snowboarder at GP

A snowboarder hits a rainbow rail at Granite Peak. Photo: Granite Peak Ski Area


One of the best instructors for youngsters is “Grandma Jane Wiley,” who’s been teaching and entertaining kids at Granite Peak for decades. Intermediate and advanced skiers and riders who want to warm up their legs should jump on the Comet chair and scoot down the corduroy on the Hawks’ Ridge, Miracle or White Lightning runs that all lead to the new Dasher lift.

The upper portions of these runs are steep by midwestern standards. In the bottom stretch, it flattens out, but Skinner and crew have added rollers to make things interesting. And if you’d like to show off your mogul skills under the lift, zip down the Main Event run.

When your stomach starts growling, head back to the Stone Chalet for one of Wisconsin’s signature, ahem, foods: deep-fried cheese curds. Or, grab a burger, kabobs, homemade soup or chicken sandwich on the sun deck. For great pasta salads, go to the Sundance restaurant.

In the afternoon, mosey over to the east side of the resort, where there are usually fewer people and the runs are steeper, but shorter. You’ll also find bumps here on the Sundance and Idle Wild runs. Better yet, there are lots of glade runs.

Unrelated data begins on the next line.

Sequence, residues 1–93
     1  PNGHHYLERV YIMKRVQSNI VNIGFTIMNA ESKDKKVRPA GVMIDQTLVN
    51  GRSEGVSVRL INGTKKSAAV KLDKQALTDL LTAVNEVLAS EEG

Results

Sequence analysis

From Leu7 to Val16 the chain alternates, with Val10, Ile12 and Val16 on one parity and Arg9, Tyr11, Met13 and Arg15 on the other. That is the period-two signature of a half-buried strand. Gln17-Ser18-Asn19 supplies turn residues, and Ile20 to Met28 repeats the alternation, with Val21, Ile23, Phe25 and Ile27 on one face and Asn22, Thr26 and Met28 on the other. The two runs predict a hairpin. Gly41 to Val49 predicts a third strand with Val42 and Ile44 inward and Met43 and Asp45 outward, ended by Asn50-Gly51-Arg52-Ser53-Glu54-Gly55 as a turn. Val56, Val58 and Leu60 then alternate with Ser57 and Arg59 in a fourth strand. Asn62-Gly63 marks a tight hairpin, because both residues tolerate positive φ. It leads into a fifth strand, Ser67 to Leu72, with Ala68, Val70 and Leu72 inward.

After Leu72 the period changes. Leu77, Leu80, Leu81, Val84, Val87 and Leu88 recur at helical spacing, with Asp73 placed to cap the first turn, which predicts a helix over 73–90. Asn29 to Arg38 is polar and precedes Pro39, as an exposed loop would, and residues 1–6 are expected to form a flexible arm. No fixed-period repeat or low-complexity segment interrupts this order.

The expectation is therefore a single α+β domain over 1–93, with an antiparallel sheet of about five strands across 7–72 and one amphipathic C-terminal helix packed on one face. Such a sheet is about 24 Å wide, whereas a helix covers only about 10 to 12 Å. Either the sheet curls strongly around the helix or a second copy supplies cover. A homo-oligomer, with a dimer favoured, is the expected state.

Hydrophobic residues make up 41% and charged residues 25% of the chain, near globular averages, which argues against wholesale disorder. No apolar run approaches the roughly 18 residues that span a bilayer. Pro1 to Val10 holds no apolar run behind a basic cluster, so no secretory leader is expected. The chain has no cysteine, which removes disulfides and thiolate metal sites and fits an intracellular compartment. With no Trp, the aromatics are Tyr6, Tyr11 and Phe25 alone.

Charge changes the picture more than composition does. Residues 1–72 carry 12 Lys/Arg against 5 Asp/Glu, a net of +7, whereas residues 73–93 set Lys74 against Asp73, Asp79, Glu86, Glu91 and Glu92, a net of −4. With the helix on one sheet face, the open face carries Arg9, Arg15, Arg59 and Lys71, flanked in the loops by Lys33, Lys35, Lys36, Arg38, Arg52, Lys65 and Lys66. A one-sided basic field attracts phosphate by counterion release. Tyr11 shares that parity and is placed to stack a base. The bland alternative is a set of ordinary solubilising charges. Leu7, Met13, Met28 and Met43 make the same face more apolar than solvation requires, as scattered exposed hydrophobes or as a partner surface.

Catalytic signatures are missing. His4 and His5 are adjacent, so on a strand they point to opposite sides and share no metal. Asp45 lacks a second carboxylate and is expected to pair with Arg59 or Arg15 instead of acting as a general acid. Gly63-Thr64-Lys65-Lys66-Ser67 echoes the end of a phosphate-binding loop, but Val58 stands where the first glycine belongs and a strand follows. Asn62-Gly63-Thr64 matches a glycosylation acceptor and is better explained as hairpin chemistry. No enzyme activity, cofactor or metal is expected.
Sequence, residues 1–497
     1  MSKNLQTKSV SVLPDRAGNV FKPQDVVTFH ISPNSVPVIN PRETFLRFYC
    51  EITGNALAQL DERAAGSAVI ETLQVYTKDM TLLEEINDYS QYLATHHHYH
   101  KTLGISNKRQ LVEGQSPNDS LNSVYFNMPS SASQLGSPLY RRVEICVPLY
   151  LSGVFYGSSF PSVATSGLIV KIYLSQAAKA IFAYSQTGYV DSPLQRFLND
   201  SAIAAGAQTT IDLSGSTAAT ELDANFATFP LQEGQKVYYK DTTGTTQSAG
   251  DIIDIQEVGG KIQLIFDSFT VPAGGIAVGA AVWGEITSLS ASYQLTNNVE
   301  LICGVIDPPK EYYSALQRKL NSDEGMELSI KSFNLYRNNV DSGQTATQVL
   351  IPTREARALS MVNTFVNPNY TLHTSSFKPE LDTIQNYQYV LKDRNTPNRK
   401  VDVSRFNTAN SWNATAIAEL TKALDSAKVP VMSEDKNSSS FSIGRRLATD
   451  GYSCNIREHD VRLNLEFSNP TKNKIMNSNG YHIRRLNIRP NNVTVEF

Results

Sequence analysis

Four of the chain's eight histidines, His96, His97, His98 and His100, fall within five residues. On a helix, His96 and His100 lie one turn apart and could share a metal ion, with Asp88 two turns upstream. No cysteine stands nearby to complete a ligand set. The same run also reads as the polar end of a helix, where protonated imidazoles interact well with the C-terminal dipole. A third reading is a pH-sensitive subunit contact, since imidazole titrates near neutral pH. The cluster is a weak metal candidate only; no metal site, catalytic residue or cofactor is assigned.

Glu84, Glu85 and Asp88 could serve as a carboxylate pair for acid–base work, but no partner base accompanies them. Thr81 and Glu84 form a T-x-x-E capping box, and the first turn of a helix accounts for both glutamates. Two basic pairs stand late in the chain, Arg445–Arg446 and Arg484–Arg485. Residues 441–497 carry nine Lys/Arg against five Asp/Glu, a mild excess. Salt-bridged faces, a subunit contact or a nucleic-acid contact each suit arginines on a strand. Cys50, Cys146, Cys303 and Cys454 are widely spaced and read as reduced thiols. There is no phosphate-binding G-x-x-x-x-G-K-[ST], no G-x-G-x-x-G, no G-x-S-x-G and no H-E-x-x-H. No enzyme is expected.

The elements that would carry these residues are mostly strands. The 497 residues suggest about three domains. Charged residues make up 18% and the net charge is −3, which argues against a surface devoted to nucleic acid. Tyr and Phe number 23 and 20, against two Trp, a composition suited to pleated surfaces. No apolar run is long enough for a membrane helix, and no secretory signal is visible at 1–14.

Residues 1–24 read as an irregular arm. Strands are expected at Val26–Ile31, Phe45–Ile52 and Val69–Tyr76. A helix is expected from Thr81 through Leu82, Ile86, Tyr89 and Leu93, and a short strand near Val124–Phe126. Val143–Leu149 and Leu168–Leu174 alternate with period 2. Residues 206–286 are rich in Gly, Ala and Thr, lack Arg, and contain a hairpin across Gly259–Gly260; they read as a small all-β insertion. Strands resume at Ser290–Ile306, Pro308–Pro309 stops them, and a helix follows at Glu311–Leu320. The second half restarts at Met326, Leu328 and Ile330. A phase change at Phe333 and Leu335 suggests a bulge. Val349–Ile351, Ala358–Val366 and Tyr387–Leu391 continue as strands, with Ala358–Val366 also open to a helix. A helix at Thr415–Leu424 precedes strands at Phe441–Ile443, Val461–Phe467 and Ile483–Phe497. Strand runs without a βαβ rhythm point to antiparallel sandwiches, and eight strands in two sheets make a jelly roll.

When you decide to call it quits (you can ski until 9 p.m.), join the locals at Carmelo’s, a family run, Italian restaurant within spitting distance of the base. You may even be able to smell the garlic from the resort parking lot. 

The lasagna here is superb, as is the chicken ravioli or manicotti. El Tapatio’s is a good choice for Mexican grub and Michael’s Supper Club has tasty steaks and seafood.

Beer lovers will be in heaven in Wausau, too, thanks to three brew pubs: The Great Dane, Red Eye Brewing Co. and Bull Falls Brewery. All of them serve handcrafted suds and a wide range of food.

For a little nightlife, try either Malarkey’s Pub or the Intermission Bar in downtown Wausau, both of which feature live music.  

When it’s time to tumble into bed, you can choose the boutique Jefferson Street Inn, the Everest Inn or the Rosenberry Inn—all three are great bed and breakfasts. The Grand Lodge, with its big water park, is perfect for kids of all ages who like the aquatic scene. 


Day Two

Begin your morning with some coffee and delicious apple fritter French toast at the 2510 Restaurant, then do some more laps on the Granite Peak corduroy to warm up.